Example: HMMs in Robotics 30 30

Overview § § Markov Chains Hidden Markov Models Particle Filters More on HMMs 31

Particle Filtering § Sometimes |X| is too big to use exact inference § Solution: approximate inference § Track samples of X, not all values § Samples are called particles § Time per step is linear in the number of samples § But: number needed may be large § In memory: list of particles, not states § This is how robot localization works in practice 0. 1 0. 0 0. 2 0. 0 § |X| may be too big to even store B(X) § E. g. X is continuous § |X|2 may be too big to do updates 0. 0 0. 2 0. 5

Representation: Particles § Our representation of P(X) is now a list of N particles (samples) § Generally, N << |X| § Storing map from X to counts would defeat the point § P(x) approximated by number of particles with value x § So, many x will have P(x) = 0! § More particles, more accuracy § For now, all particles have a weight of 1 Particles: (3, 3) (1, 2) (3, 3) (3, 2) (2, 3) (3, 3) (2, 3) 33

Particle Filtering: Elapse Time § Each particle is moved by sampling its next position from the transition model § This is like prior sampling – samples’ frequencies reflect the transition probs § Here, most samples move clockwise, but some move in another direction or stay in place § This captures the passage of time § If we have enough samples, close to the exact values before and after (consistent)

Particle Filtering: Observe § Slightly trickier: § Don’t do rejection sampling (why not? ) § We don’t sample the observation, we fix it § This is similar to likelihood weighting, so we downweight our samples based on the evidence § Note that, as before, the probabilities don’t sum to one, since most have been downweighted (in fact they sum to an approximation of P(e))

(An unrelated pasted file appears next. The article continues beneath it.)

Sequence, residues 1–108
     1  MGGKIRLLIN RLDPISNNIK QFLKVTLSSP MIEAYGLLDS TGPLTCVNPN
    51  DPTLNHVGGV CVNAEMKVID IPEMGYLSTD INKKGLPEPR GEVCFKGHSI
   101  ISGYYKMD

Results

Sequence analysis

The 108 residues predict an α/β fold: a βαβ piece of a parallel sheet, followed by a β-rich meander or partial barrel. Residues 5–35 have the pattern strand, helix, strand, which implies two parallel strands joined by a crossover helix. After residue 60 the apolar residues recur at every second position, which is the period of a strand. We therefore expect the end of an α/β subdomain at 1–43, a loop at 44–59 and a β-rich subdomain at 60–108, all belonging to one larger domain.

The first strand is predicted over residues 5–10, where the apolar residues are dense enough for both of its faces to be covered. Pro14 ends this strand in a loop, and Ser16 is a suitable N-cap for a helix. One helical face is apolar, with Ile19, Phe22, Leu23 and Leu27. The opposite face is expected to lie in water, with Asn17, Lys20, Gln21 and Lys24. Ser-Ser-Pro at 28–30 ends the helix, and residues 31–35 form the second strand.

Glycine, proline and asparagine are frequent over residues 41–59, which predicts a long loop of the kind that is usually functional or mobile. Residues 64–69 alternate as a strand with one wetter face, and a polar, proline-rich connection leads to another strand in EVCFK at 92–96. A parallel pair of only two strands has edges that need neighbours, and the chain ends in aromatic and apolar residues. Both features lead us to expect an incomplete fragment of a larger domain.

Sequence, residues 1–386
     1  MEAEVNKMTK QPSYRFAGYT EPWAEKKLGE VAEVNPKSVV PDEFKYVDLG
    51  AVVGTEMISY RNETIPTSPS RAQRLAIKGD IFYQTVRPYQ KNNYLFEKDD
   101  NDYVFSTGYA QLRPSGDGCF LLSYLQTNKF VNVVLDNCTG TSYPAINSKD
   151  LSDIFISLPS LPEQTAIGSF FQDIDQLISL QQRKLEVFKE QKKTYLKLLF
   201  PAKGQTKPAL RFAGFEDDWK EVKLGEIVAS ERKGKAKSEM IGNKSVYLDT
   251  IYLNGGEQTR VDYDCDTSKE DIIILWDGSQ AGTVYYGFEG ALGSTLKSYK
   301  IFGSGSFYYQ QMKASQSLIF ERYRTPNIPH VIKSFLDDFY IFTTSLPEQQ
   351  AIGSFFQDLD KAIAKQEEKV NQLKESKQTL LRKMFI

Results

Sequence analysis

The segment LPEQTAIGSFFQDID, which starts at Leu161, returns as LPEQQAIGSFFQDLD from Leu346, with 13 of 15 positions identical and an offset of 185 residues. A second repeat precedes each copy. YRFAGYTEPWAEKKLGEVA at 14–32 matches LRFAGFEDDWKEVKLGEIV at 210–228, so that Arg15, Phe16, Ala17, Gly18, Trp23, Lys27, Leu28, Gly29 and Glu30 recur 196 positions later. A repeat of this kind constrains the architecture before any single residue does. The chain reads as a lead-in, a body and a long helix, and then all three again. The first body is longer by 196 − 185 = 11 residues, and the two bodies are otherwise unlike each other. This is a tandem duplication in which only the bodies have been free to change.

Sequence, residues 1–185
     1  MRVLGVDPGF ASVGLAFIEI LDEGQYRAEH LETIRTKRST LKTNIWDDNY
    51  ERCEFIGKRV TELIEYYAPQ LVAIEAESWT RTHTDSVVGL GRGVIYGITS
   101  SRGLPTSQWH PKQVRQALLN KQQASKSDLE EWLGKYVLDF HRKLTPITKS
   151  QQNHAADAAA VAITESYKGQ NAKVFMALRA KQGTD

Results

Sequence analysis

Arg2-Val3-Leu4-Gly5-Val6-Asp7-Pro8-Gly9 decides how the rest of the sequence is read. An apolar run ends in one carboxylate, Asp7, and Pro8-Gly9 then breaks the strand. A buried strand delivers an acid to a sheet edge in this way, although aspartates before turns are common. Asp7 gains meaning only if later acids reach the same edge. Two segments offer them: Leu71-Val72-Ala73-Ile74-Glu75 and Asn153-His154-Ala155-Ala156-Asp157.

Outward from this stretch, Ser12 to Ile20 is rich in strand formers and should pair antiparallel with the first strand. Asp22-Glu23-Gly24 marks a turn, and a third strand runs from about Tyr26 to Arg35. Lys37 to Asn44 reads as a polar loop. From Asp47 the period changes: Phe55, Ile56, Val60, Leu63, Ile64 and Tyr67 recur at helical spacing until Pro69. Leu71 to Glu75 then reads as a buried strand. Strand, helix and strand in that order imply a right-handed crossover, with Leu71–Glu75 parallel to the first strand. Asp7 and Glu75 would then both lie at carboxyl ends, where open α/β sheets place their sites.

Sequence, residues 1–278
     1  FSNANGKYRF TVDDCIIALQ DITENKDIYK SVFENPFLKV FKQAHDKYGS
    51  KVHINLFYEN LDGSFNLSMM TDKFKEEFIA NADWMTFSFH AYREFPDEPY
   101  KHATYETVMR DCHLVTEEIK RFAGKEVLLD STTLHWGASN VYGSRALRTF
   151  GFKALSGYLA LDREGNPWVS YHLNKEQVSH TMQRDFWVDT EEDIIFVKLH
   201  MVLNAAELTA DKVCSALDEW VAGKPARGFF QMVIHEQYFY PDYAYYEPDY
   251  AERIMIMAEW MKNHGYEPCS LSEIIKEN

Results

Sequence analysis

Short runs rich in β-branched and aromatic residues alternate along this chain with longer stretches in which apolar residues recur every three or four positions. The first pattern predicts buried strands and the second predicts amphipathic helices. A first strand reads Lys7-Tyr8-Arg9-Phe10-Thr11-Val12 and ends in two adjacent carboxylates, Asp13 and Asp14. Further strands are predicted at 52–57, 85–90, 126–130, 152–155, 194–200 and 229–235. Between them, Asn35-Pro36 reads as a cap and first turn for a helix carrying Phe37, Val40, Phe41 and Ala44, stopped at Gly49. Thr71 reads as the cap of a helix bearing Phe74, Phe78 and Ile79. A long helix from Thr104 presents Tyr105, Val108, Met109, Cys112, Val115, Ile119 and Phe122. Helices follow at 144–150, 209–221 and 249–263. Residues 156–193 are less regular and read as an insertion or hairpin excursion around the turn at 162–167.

Particle Filtering: Resample § Rather than tracking weighted samples, we resample § N times, we choose from our weighted sample distribution (i. e. draw with replacement) § This is analogous to renormalizing the distribution § Now the update is complete for this time step, continue with the next one Old Particles: (1, 3) w=0. 1 (3, 2) w=0. 9 (3, 3) w=0. 4 (2, 3) w=0. 3 (2, 2) w=0. 4 (3, 1) w=0. 4 (3, 3) w=0. 4 (2, 1) w=0. 9 (2, 3) w=0. 3 New Particles: (2, 3) w=1 (3, 1) w=1 (3, 2) w=1 (2, 2) w=1 (3, 3) w=1 (3, 2) w=1

Particle Filters

Sensor Information: Importance Sampling

Robot Motion

Sensor Information: Importance Sampling

Robot Motion

Particle Filter Algorithm § Sample the next generation for particles using the proposal distribution § Compute the importance weights : weight = target distribution / proposal distribution § Resampling: “Replace unlikely samples by more likely ones”

Particle Filter Algorithm 1. Algorithm particle_filter( St-1, ut-1 zt): 2. 3. For Generate new samples 4. Sample index j(i) from the discrete distribution given by wt-1 5. Sample 6. from using and Compute importance weight 7. Update normalization factor 8. Insert 9. For 10. Normalize weights

Overview § § Markov Chains Hidden Markov Models Particle Filters More on HMMs 44

Other uses of HMM § Find most likely sequence of states § Viterbi algorithm § Learn HMM parameters from data § Baum-Welch (EM) algorithm § Other types of HMMs § Continuous, Gaussian-linear: Kalman filter § Structured transition/emission probabilities: Dynamic Bayes network (DBN) 45

Real HMM Examples § Speech recognition HMMs: § Observations are acoustic signals (continuous valued) § States are specific positions in specific words (so, tens of thousands) § Machine translation HMMs: § Observations are words (tens of thousands) § States are translation options (dozens per word) § Robot tracking: § Observations are range readings (continuous) § States are positions on a map (continuous)

HMM Application Domain: Speech § Speech input is an acoustic wave form s p ee ch l a b “l” to “a” transition: Graphs from Simon Arnfield’s web tutorial on speech, Sheffield: http: //www. psyc. leeds. ac. uk/research/cogn/speech/tutorial/ 47